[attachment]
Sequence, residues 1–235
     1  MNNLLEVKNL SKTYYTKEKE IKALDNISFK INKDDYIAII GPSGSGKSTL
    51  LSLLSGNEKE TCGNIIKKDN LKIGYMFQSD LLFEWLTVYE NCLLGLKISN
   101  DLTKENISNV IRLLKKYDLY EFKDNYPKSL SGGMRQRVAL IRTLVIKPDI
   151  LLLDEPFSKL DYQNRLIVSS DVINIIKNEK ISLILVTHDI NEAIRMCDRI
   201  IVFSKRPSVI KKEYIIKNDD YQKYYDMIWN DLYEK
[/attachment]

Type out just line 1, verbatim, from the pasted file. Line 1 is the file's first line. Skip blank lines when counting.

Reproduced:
Sequence, residues 1–235